“What’s this one?”
“Altissio.” He took the small, purple Nespresso pod from my hand and dropped it into the machine’s compartment. “You’ll like it.”
He kissed me lightly on the mouth before turning away to shower. I could taste the night on his lips—I wondered if he could taste my own staleness and I felt self-conscious. Once I heard the shower running upstairs, I leaned over the sink and rinsed my mouth from the tap, wishing I had brought my toothbrush.
The espresso maker hissed angrily, announcing that it was finished choking and spluttering and shooting the last spurts of steaming black into my cup. I removed the mug and moved to the kitchen table to wait. The curls of vapor peeling off from the espresso teased my nose with a deep, musky odor, and its familiarity comforted me as I looked at the unfamiliar furniture: a modest china cabinet holding books instead of china, a secondhand couch a decade out of style, and the plain pine table where I was seated. There was nothing to distinguish this small apartment from any other small apartment, and yet I was there and Ben was there and my Altissio espresso was there.
My phone vibrated violently against the table and I flipped it over to read the screen.
Jason. Text message.
I set the phone back, facedown.
Ben’s jaw, unshaven for just the amount of time I liked, scratched my own as his arms wrapped around me from behind. He was finished with his shower and fully dressed, and I could feel the minty-freshness of his breath against my cheek. Again I wished for my toothbrush and wondered if he was the type to let me borrow his.
He popped in his own Nespresso pod before sitting down across from me to wait. His shirt, unbuttoned at the junction of his collarbones, revealed a few wisps of black. I wore the striped tank top and joggers I had shivered in while waiting on the patio last night.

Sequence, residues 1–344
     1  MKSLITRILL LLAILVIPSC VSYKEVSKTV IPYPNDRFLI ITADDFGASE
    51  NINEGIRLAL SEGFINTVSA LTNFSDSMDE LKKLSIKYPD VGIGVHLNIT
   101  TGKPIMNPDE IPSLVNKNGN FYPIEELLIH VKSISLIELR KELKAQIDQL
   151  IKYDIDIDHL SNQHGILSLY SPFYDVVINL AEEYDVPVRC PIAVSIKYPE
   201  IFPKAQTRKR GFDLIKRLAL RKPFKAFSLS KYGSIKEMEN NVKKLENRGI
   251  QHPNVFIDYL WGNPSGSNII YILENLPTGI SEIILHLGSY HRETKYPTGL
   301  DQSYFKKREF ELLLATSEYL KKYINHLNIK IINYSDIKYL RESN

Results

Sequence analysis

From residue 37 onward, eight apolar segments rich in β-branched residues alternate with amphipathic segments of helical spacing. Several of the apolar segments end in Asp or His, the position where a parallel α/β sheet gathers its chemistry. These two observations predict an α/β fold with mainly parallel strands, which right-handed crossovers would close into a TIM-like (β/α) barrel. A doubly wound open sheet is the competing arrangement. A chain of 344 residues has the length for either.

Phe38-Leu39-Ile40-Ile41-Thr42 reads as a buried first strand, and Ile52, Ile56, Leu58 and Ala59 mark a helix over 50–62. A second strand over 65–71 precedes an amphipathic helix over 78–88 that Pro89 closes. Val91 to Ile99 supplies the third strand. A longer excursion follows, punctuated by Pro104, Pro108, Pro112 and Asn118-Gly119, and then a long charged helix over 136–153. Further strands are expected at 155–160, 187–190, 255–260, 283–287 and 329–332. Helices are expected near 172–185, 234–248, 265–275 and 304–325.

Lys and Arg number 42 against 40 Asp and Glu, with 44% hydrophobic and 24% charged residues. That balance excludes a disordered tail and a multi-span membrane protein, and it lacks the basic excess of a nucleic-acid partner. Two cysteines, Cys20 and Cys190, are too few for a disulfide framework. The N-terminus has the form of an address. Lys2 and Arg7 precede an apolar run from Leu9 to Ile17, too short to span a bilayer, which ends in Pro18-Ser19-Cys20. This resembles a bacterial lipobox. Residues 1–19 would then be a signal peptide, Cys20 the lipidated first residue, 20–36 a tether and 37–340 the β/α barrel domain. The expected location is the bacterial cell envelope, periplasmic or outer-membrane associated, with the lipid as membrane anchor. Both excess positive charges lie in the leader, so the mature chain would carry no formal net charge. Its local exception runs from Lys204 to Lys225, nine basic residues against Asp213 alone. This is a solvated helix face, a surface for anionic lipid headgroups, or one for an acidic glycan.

Jason. Text message, my phone reminded me with an impatient, second buzz; it did not like to be kept waiting.
“How did you sleep?”
“Fine.” I continued to ignore the phone. I felt guilty, and I felt guilty for feeling guilty. “Fine. You?”
“Never better. Do you take breakfast?”
“No, not usually.”
He got up and put a piece of bread in the toaster for me anyway, touching my hand with his own as he passed.
And Jason on the other side of the world, unshaven just the way I liked. Just a name on a phone now, but he hadn’t always been. In the mornings he had been beautifully untidy, hair bullied by his pillow into abstract sculptures and eyes blinking away sleep. I would laugh as I pulled him out of bed and into the shower with me.
In the afternoons he had been five eleven and a half, and he had been proud of the extra half-inch that his dress loafers gave him. I would drop him off at the office and he would kiss me goodbye.
In the evenings he had been lips and arms and legs all tangled in my lips and arms and legs, and then he had been my pillow. I would kiss him good night and look forward to Jason-in-the-morning.
The worst part is that he is probably still all of these things.
But one morning he told me there would be no more mornings, and I had shrugged and smiled. I had died inside but I shrugged, and I had screamed inside but I said okay. He boarded a plane and said he still loved me, and I said okay.
Ben was back across from me, still smiling with mug and toast in hand, and I tipped the porcelain against my mouth. I had waited to drink my own espresso until his was ready; it was his espresso, anyway, and I liked it enough to want it for several mornings more. The first sip of the morning was always the most erotic, and I tried to let the bitter liquid slide against my tongue for as long as possible before swallowing.
“So,” he said, his lips pursed as he blew gently to cool his coffee, disrupting the columns of steam. “What’s on the agenda for today?”
“Work, mostly,” I was staring at inch-wide sections of his face, examining each and moving onto the next in a clockwise direction. “You?”
I looked at his face and his collarbones and thought of Jason. And of Alex. Of John and Steven and Dan. I thought I had lost something with each of them but as I stared at Ben and my phone burned the table with Jason I knew otherwise. And as I stared at Ben and his talking lips and his steaming espresso, I wondered if he was mine like they were mine or if maybe they were all now me.
I nodded at something Ben said and reached for my phone, this time swiping.
Jason. Text message.
I leaned my head all the way back, coaxing the brown, foaming dregs of espresso into my mouth. Ben took my dishes, brushed his scratchy lips against mine, and walked me home.